Evidence suggests that the transmission of shared parasites from ring-necked pheasants (Phasianus colchicus), specifically the caecal nematode Heterakis gallinarum, may be 1 cause of the decline of the gray partridge (Perdix perdix) in the United Kingdom (UK) over the past 50 years. It may also be a factor preventing the recovery of the remaining wild gray partridge populations. Trials were undertaken to investigate whether the red-legged partridge (Alectoris rufa) is involved in this interaction, by exposing individuals of all 3 host species to infection on 7 gamebird estates. The low rate of parasite establishment in the red-legged partridge demonstrated that, as with the gray partridge, the parasite cannot persist in this host species. The lack of a relationship between H. gallinarum intensity and red-legged partridge condition indicated that, as with the ring-necked pheasant, the parasite does not seriously affect this host species. Hence, red-legged partridges play little or no role in the interaction mediated via H. gallinarum that occurs among UK lowland gamebirds, since they are unlikely to be either another source of deleterious infection to the gray partridge or adversely affected by the transmission of H. gallinarum from ring-necked pheasants. Ring-necked pheasants are thus implicated as being solely responsible for maintaining infections of H. gallinarum in other lowland gamebirds in the UK and any associated effects.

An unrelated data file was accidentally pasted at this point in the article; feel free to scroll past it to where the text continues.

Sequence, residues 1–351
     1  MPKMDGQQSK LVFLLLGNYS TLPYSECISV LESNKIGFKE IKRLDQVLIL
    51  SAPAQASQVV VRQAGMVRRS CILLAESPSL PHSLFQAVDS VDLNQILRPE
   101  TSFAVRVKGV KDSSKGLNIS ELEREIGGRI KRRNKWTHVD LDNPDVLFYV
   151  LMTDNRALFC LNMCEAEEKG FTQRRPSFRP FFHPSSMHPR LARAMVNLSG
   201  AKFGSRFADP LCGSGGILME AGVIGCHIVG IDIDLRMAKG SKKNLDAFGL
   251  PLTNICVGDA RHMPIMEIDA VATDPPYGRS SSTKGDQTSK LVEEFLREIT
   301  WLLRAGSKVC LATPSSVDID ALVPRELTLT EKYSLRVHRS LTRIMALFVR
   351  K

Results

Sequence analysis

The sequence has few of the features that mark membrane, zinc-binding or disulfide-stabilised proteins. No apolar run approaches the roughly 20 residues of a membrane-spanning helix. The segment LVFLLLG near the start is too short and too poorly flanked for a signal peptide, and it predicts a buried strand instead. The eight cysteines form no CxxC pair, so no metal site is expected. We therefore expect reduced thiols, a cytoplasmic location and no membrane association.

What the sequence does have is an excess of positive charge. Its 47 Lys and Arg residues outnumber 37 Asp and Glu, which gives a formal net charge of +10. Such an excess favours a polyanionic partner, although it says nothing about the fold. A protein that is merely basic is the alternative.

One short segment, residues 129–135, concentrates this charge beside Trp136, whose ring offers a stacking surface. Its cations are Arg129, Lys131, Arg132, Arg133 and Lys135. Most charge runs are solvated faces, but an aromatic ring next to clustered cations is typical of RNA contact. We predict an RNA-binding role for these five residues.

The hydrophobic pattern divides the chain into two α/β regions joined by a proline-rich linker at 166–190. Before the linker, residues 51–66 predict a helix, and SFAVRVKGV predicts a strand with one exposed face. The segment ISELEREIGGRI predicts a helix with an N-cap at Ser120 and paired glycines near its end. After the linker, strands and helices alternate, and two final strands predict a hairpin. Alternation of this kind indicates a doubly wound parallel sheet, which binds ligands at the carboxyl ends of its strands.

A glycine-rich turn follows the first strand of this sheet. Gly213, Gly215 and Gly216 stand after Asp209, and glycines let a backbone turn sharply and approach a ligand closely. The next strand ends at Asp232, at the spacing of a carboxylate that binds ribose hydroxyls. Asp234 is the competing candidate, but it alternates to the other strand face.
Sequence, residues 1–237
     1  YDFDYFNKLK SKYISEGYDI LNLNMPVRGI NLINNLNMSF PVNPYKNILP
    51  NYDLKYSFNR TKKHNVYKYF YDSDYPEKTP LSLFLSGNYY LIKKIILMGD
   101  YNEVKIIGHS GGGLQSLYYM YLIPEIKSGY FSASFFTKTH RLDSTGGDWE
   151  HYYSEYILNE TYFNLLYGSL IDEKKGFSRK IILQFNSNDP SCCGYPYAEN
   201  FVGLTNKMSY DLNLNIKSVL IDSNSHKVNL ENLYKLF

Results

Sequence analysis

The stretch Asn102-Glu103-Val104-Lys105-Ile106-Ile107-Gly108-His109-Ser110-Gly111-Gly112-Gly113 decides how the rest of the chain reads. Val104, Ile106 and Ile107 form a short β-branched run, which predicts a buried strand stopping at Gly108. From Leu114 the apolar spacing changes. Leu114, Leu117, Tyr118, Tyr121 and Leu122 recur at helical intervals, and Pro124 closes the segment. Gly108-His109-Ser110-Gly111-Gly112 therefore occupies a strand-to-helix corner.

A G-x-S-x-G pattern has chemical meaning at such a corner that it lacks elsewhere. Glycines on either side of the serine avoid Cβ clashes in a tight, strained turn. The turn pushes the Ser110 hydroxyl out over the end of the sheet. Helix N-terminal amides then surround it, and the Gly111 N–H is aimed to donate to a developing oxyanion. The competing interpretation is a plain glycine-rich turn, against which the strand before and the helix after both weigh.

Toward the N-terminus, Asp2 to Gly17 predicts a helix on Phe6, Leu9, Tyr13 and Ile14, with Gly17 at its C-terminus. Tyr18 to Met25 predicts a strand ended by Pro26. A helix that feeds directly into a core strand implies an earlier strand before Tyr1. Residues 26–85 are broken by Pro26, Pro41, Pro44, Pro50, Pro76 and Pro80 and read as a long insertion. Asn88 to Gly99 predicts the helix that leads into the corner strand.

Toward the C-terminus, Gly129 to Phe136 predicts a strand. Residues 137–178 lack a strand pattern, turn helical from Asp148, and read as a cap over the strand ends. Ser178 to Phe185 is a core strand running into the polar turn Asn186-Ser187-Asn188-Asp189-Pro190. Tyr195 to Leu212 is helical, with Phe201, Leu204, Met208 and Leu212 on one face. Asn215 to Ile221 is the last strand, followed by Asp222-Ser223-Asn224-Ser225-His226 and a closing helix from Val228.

All Science Journal Classification (ASJC) codes
- Ecology, Evolution, Behavior and Systematics
- Nature and Landscape Conservation